Is AP Psych as easy as people say?

The exam for AP Psych, which grants students college credit for a course, is administered in early May. All curriculum for both semesters must be given to and learned by students before this date. (Photo courtesy of Wikimedia Commons)

As upperclassmen prepare to apply and eventually attend colleges, AP classes are a major part of many students’ schedules. Earning college credits as well as raising weighted GPAs is vital for creating attractive college applications and increasing acceptance chances.

Although there are a couple Advanced Placement classes open to freshmen, a majority of students begin earning their college credit courses sophomore year or later. Tenth grade is when options of multiple AP electives become viable choices for schedules. Human Geography and Psychology are two of the most popular electives that students are advised to take as an “easy AP” or a good class to settle in to the intensity of college-level work.

While it is a common belief that Psychology is one of the easiest APs offered at Leesville, the truth is quite far from that.

“I heard from many people before I started the class that AP Psych is extremely easy, and [the class] is actually much more work than I expected,” said Chloe Horton, a sophomore taking AP Psych this spring.

Because it is a college course, the curriculum moves at a rapid pace, and students are expected to do their portion of work and studying to keep up.

Every student receives a psychology textbook at the beginning of the semester to take home. Teachers anticipate that students take their own notes about the text every night. Since students are expected to absorb information at such a quick pace, teachers are unable to instruct every piece of the curriculum during class time. To make up for this, teachers hold students to the assumption that they will read and take notes each and every day after class.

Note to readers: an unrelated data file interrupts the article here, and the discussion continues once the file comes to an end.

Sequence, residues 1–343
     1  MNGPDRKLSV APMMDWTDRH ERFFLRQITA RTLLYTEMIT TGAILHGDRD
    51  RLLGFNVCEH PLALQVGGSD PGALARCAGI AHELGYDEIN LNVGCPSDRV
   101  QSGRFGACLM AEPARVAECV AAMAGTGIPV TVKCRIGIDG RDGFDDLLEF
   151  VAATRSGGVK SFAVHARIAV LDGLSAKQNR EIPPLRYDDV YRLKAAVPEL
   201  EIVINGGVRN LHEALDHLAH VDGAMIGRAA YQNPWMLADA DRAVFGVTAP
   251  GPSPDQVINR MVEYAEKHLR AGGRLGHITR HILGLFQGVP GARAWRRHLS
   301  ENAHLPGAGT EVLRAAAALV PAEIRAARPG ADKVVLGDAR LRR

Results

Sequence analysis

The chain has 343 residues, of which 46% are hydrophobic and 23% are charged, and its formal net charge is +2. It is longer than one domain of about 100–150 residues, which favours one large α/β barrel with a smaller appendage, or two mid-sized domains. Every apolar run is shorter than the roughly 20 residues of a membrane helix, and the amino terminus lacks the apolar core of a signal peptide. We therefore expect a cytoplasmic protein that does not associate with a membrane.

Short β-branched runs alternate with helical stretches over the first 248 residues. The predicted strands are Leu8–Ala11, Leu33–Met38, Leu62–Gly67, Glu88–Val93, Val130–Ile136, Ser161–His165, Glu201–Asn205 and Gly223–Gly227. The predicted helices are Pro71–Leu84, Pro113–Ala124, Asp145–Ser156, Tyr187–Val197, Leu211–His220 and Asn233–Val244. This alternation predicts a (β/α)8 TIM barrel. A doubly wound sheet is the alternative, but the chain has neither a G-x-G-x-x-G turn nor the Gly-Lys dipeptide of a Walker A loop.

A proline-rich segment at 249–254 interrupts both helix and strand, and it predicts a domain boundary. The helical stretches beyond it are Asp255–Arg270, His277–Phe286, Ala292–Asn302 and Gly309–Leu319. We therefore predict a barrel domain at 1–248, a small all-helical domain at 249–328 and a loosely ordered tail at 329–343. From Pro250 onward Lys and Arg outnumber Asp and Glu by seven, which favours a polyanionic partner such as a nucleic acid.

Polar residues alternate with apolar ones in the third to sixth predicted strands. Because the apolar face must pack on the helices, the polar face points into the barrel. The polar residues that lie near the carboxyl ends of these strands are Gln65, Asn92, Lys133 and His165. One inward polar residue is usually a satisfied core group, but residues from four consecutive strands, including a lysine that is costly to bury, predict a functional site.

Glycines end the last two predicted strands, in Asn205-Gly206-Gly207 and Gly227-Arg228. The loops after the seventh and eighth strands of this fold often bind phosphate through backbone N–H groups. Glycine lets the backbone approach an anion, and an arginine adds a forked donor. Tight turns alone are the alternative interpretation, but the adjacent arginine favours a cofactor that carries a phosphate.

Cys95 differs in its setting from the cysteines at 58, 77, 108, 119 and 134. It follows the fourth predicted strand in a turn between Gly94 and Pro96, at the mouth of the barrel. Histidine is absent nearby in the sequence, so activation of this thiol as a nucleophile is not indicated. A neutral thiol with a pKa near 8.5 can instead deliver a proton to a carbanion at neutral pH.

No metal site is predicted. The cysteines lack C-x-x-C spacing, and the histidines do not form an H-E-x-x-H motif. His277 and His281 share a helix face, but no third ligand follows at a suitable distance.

Alongside notes, students often receive other work to do outside of class. These assignments can range from partner projects, to basic worksheets, and to individual essays. Also, high schoolers enrolled in the class need to study and review the information taken in their notes and learned in class. Unfortunately, other classwork and, more importantly, time constraints give limitations to what students are able to accomplish in a day.

A major problem that some 50% of students have to handle when taking AP Psych, or any other AP class in the spring semester, is the exam date. AP exams begin a month before finals for other classes at Leesville and, therefore, largely limit time for learning in class. 10 units must be moved through quicker and teachers must administer tests faster than they would be in the fall semester.

Often, this setback creates stress for AP Psych students in the spring and can force students to develop a negative attitude towards the class.

“Juggling a sport, other classwork, and work for this AP class this semester has been really overwhelming. We have to rush the information in Psychology because we have an earlier exam, and it’s very stressful…everything feels so crammed,” said Katie Groff, another sophomore in the spring semester of AP Psych.

Luckily, AP teachers try their best to give students as much optional work and as many helpful studying strategies as possible. Teachers generally seem to have empathy for students completing college level work and therefore give efforts to ease stress and anxiety about making a good grade.

Evidently, it is not an easy task to finish the class with a high average. Reading the textbook every night is crucial to any student’s success, as well as completing all other work, extra credit opportunities, and paying attention in class.

While some students say that honors classes are fairly easy, APs are no joke. Doing all the work and being a proactive, responsible student is required for earning a grade that will raise a weighted GPA. The advantages of completing college credits are obvious, but classes like AP Psych are most certainly not an “easy A.”

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